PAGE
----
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Works by
Maureen Brady
(Writer)

meb4444 @ prodigy . net
(Please delete the spaces in this address before you use it. We're trying to reduce spam! )
http://www.maureenbradyny.com/
Profile created April 15, 2007

 
"Maureen Brady is the author of the novels, Ginger's Fire, Folly, and Give Me Your Good Ear, as well as the collection of short stories, The Question She Put to Herself, and three books of nonfiction. Widely published, she has been awarded grants by New York State Foundation of the Arts; New York State Council on the Arts Writer-in-Residence; Ludwig Vogelstein Foundation; Briarcombe Foundation; and The Barbara Deming Money for Women Memorial Fund. She teaches creative writing at New York University, The New York Writers Workshop at the JCC in Manhattan, and Il Chiostro in Tuscany, Italy. She was a co-founder of the publishing company Spinsters Ink and has served on the Board of The Barbara Deming Money for Women Fund since 1999, and as Board President since 2003." -- Saints & Sinners
Fiction
Novels
  • Folly (1994)
    Folly tells the story of women without men, divorced or widowed or lesbian, workers in a textile plant in North Carolina in the 1970s, who are neighbors in a trailer camp, along with their aging mothers and teenage daughters. What brings them together-black women as well as white women-is the death of a sick baby left necessarily at home alone because there were no health care provisions in the male owned and run factory. After the baby's death, the women decide to strike. The novel records the winning of that strike, and, at the same time, the inner lives of the younger and older characters surrounding the major strike leaders. It is an optimistic, witty, and dramatic book, rare in that it depicts black and white women working as peers together, and rare in that it depicts a world not often to be found in literature.

  • Give Me Your Good Ear (1994)
    This is Francie's story. Francie weaves a new life for herself by untying the knots that have kept her in bondage: a childhood terrorized by an alcoholic father and a secret of violence shared with her mother.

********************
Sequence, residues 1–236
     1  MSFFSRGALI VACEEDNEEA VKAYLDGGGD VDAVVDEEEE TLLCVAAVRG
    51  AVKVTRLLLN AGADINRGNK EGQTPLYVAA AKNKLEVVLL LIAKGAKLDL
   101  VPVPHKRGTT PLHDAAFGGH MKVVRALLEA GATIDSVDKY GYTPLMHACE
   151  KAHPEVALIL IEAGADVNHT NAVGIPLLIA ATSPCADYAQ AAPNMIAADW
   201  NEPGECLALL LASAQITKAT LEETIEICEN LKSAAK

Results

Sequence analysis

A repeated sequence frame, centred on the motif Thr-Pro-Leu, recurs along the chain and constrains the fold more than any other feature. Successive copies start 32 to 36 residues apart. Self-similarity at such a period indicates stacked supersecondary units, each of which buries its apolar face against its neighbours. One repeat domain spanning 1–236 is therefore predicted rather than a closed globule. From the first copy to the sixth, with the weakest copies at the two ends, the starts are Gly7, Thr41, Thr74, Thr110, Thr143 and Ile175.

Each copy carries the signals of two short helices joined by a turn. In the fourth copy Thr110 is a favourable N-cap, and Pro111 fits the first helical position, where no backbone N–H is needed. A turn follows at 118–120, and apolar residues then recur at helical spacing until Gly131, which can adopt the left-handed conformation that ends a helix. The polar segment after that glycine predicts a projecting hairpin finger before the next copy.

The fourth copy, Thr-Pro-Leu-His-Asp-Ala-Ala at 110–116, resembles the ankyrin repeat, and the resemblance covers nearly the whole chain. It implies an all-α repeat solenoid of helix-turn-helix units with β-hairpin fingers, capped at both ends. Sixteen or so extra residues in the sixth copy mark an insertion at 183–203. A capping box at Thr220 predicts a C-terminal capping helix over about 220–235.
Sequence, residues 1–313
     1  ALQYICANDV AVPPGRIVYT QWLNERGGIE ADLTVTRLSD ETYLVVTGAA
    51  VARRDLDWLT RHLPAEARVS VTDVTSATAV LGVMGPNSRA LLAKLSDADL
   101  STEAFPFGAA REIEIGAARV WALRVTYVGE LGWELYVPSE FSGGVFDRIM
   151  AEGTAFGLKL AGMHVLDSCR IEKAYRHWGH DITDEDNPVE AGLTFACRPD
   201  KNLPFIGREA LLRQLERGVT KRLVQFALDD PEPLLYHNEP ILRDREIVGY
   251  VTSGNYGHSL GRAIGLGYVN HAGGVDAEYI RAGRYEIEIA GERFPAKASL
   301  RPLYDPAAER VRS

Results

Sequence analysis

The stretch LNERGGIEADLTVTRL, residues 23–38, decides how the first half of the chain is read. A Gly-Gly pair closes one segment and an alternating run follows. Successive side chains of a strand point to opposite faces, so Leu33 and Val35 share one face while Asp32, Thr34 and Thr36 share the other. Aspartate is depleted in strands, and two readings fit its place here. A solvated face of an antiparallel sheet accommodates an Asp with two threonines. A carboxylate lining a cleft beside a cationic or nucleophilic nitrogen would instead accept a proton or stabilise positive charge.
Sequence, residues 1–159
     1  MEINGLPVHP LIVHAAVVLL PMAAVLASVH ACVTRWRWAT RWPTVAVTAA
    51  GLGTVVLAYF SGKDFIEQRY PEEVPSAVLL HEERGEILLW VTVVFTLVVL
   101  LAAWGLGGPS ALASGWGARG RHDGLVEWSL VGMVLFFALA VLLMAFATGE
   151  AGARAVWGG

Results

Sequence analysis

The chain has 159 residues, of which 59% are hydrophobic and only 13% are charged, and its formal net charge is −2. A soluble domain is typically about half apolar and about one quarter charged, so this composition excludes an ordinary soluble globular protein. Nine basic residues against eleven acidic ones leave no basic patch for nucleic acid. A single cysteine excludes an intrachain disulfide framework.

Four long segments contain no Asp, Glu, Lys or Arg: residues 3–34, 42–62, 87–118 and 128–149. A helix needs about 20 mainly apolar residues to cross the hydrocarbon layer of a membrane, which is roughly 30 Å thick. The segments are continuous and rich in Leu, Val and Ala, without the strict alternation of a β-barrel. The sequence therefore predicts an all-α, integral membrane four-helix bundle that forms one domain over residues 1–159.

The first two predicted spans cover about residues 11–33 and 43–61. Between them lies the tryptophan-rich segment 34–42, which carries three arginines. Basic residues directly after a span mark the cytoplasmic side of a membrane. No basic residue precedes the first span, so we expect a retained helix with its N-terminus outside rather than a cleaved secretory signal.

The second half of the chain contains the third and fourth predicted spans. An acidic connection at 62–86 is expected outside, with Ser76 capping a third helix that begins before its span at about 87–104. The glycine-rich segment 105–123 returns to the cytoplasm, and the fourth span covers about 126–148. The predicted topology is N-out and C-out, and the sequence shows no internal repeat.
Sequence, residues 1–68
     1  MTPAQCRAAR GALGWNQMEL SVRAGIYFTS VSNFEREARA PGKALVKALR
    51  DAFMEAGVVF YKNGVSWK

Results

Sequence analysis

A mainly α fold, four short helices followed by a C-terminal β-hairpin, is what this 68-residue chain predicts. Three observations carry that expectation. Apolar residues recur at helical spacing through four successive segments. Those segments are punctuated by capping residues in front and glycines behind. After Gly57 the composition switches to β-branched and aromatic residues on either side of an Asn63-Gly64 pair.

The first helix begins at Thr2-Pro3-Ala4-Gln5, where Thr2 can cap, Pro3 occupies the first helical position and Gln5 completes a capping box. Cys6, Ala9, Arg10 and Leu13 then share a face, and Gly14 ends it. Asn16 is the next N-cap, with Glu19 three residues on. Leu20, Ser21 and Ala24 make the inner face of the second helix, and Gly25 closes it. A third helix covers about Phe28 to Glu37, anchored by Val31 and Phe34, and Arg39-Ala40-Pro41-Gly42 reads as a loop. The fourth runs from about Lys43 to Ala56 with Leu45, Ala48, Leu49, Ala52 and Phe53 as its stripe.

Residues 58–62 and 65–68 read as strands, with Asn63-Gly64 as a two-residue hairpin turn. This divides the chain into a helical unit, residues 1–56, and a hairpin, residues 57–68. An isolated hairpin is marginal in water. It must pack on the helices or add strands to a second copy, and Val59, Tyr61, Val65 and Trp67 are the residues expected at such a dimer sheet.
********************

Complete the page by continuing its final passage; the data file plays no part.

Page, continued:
• Ginger's Fire (2003)
    From Maureen Brady, previously nominated for an ALA Gay Book Award, comes Ginger's Fire, an absorbing tale of rebirth, redemption, and finally finding the way back home.
    In quiet, understated prose, Ginger's Fire tells the story of one woman's painful but very necessary rebirth and awakening. Ginger and Nellie have finally realized their dream: after years of hard work, they have completely restored a beautiful old farmhouse in the Catskill Mountains. But as the house has come together, their relationship has been silently slipping away. When, after all their labors, their beloved home is destroyed in a catastrophic fire, Ginger and Nellie begin to move apart, and Ginger must begin an arduous journey to discover her own long-absent passion and inner fire. As Ginger delves into her past, discovering the river of alcoholism and dependency that runs through her life, she learns to value her own strength once more.

    At times Ginger's road is a lonely one, but she finds comfort with Esther, a wise and appealing therapist, and Roxy, a sexpot gardener who pulls no punches when it comes to pleasure. With their help, Ginger begins to see the repeating patterns of her life, from her unhappy childhood to her repressed adulthood. Time ripples backward and then blends with the present as Ginger exorcises the demons brought to life by the fire and the breakup.

Short Stories
Non-fiction
Other
  • Just Like A Girl: A Manifesta (Spring 2008), Michelle Sewel, ed.
    See "Five 'n Dime".

  • Bellevue Literary Review ( March 2008)
    See "Billy's Mark".

  • Intersections: Fiction and Poetry from The Banff Centre for the Arts (2000), Edna Alford and Rhea Tregebov, eds.
    Since 1984, writers from around the world have spent time in the artist studios at The Banff Centre. This collection of fiction and poetry from thirty-four of those writers gathers the threads of this unique creative community, bringing together remarkable intersections of setting, story, tone, and character.

  • Cabbage and Bones: An Anthology of Irish-American Women's Fiction (1997), Caledonia Kearns, ed.
    See "Achill Ancestors and a Stranger"

  • The Sorrow of a Donor Dad (2000)
    Originally titled In the Family

  • Mom (Date?)

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